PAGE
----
Unique and wonderful culinary experiences await travellers in Phnom Penh. Visitors can expect to sample the best of local French influenced cuisine, traditional Khmer food as well as some top notch Vietnamese and Thai delicacies. The best place to start in the city is the riverfront where you can try the whole range of local Phnom Penh cuisine - from the street side stalls to fine dining Phnom Penh restaurants. For a more local feel head westward away from the river to stumble across local stalls; where the vast majority of Khmers eat. Teamworkz personal recommendations for street food are: fried noodles, sweet sticky rice and amok chicken curry. For a nice afternoon away from the hustle and bustle; take the ferry to the other side of the river and enjoy simple and inexpensive fare as you sit on mats and gaze out at a view of the city.
After a heavy day of sightseeing or shopping in Phnom Penh, a meal of the local hot pot Yao hon or some freshly baked baguettes used to mop up the spicy chicken curry called Samlor kari are just what you need. Use our Phnom Penh Restaurant Guide (Click on the 'Eating Locally' tab above) to see a huge list of restaurants in Phnom Penh. We also have some general information and suggestions on eating out in Cambodia.
From the street side stall to the bistro, Phnom Penh's restaurants will entice your taste buds.
As recent as ten years ago, Phnom Penh had only around ten restaurants where you could enjoy the local cuisine. Today there are hundreds of Phnom Penh restaurants, from chic upmarket places to pavement joints and open noodle bars. From French to Khmer, American style grills to Chinese noodle fares, the city has it all.
The restaurants in Phnom Penh are bound to excite the foodie in you. New Phnom Penh restaurants, with varied and special menus, are opening almost every day, appealing to a variety of tastes. Cambodian cuisine has borrowed some methods and ingredients from France and Vietnam as well as Thailand to create a delicious, flavoursome, yet milder Asian taste that's typically Cambodian.
Khmer cuisine makes use of locally sourced ingredients like coconuts, seafood, bananas, papaya, ginger, peanuts and chillies and is less spicy than the food in neighbouring Thailand. Rice is vital to the average local's diet and makes an appearance at all meals including breakfast. Sticky rice is used in desserts and is often served with fresh tropical fruit, making for a light and fresh tasting end to the meal. Noodles find favour as an alternative to rice with some curries and soups. Thanks to years of French occupation, you can make a meal of some freshly baked baguette eaten local-style with eggs, tinned sardines or pâté.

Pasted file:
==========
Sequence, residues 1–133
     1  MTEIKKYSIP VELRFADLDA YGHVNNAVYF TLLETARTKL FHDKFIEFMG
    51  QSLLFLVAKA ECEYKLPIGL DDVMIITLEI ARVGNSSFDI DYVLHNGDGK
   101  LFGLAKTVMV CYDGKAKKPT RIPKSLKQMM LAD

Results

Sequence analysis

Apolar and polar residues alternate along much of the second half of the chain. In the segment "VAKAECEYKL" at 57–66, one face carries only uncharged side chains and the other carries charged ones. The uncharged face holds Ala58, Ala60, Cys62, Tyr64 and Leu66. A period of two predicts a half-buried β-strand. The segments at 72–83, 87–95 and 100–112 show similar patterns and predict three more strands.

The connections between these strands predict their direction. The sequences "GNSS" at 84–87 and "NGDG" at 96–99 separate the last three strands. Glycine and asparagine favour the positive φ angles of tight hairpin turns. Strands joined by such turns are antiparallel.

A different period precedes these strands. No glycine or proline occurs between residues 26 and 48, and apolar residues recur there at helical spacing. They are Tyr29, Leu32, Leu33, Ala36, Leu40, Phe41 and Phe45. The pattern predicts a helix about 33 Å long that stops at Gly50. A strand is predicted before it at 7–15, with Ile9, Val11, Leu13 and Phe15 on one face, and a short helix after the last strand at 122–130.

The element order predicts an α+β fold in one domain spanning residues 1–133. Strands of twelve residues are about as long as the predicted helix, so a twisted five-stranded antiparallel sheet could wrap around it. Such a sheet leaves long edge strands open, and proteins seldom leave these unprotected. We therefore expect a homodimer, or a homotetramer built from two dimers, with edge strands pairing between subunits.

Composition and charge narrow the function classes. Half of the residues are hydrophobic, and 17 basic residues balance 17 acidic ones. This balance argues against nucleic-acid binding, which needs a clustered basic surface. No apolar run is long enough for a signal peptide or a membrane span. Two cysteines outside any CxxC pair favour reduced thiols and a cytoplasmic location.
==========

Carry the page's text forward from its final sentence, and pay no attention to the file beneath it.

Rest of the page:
Kuyteav - Chinese rice noodle soup garnished with bean sprouts, onions and cilantro
Kari - Curry, much like an Indian gravy based dish
Samlor kari - Spicy coconut chicken curry usually served with baguettes
Banh Chiao - Savoury pancakes stuffed with shrimp, pork, bean sprouts and served with a dipping sauce and greens
Cha knyey - A pepper and ginger chicken stir fry
Amok trey - Coconut milk based steamed fish, wrapped in banana leaves
Ansom chek - Rice cake filled with banana and steamed in banana leaves
Ansom chrook - Rice cake filled with pork and mung beans
Bok L'hong - Papaya salad containing roasted peanuts, string beans, Thai basil, chillies, cherry tomatoes and even dried fish and fermented crabs
Babar Praey - Salted rice porridge
Caw - Caramelized palm sugar flavoured chicken or pork stew with eggs
Bai cha - Fried rice with Chinese sausages, garlic and herbs
Ban Hoaw - Spring rolls made with an egg wrapper filled with steamed rice noodles, peanuts, pickled vegetables and mint
Jroak sway - Raw mango salad with a fish sauce dressing; makes a good accompaniment to fish and rice
Loc Lac - Beef and onion stir fry served with a lime and pepper dipping sauce
Pleah - Onion, herb and grilled beef salad
Yao hon - Hot pot in which noodles, mushrooms, beef, shrimp and spinach are dipped
Sankya Lapov - Coconut and Pumpkin flan
Whilst eating out in Phnom Penh you also have the option of "dining with a conscience" by patronising any of Phnom Penh's restaurants run and owned by aid organisations. The proceeds from these restaurants go towards their humanitarian operations and their staff are often disadvantaged or poor Cambodians receiving skills training. You'll find some of these listed below.
While on your gastronomic journey through Phnom Penh, exercise a little caution when it comes to eating out. Avoid uncooked food and salads to stay safe, and stick to drinking bottled water.